rights and cadres have only duties to perform. The crucial challenge
in Nepal is leaders do not know the goals of parties and nation
and, therefore, do not behave accordingly. Similarly, another
challenge is to build party consciousness and discipline. Maoist
party is centralized completely. How can they enter into democratic
discourse? Surya Thapa (Journalist): Do these prescriptions
apply to all parties? This is too generic. This sounds like
post-modernist. Gautam Rai: I do agree with Prasai that parties
do not adequately practice democracy. Yam Lal Kadel (political
leader): These prescriptions sound abstract. The parties are
so weak, how can we implement inner-party democracy? Jhalak
Subedi: This sound idealist and post-modernist. All members
are not equal. For example, the members of central committee
have control over information and decision making. Now, a new
development is occurring in both NC and CPN-UML as cadres are
questioning the leaders accountability.
Ramesh Adhikari: The problems and prescription
for inner-party democracy needs to be contextualized by analyzing
the political culture of each political party. Ms. Narayani
Devkota (youth leader): asked a question as to how leaders don't
feel that they are superior to cadres. In fact, most members
of political parties are cadres who follow instruction and work
under tutelage. Usha Kiran Timsina: In all parties, deliberation
has been undermined. Tika Ram Bhattarai (constitutional lawyer):
I do agree with general orientation of the paper. But, in the
sense equality is advocated, it seems that it leads to anarchy
and chaos in the party. Party and movement are different. Response
from Gyawali: I, unambiguously, stand for transparency and accountability
but I strongly hold that some issues connected with strategies
and tactics have to be kept confidential. We need to distinguish
discrimination and inequality. Response from Prasai: It is obvious
that prescriptions for inner-party democracy apply to democratic
parties. It is equally obvious that there are certain universal
principles of democracy which must be adopted and practiced
by all democratic or constitutional parties, regardless of their
goals. The idea that parties arise and exist in certain social
and historical conditions should not be used as excuse to avoid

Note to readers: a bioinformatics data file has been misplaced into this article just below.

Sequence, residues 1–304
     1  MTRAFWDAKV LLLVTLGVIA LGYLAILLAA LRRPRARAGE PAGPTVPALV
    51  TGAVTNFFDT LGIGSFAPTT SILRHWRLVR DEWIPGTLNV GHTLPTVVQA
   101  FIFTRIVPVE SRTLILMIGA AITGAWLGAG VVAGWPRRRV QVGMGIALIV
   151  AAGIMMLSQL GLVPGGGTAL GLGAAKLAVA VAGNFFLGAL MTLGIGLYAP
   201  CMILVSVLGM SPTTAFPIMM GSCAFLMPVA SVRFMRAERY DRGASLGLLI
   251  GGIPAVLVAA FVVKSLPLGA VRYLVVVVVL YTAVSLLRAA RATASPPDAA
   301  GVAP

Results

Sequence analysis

democracy in the party. More importantly, democracy can proliferate
in society only when the political parties practice democracy
adequately. Mr. Pradeep said that he champions accountability,
but, in the meantime, he holds that certain party business can
be kept secret. How can accountability be meaningful without
Session III: Transformation of Nepali Society
This session was chaired by Pradeep Giri,
Nepali Congress leader and CA member, in which. Ghanashyam Bhusal,
CPN UML leader presented paper which was followed by comments
from Muma Ram Khanal and questions and queries from the floor.
Ghanashyam Bhusal: We must learn two crucial lessons from our
history. Firstly, capitalism and communism practiced so far
have dehumanized and alienated human beings. Secondly, armed
struggle committed avowedly to liberation of nations and people
have cost dear to humanity and revolution and stood eventually
against people. Only by giving serious consideration to these
historical processes and tendencies, we can think of and formulate
program of social transformation. As pre-requisite to social
transformation we must possess adequate knowledge of political-economic
character of our society. The political-economic nature of our
society is comprador or dependent capitalism which constitutes
the principal reason of not only economic backwardness and inequality
but also of other forms of inequality such as regional and ethnic.
Therefore, the principal solution consists in creating industrial
or productive capitalism which will solve present-day contradictions.
Such historical task must be discharged through peaceful and
Muma Ram Khanal: I do agree with many positions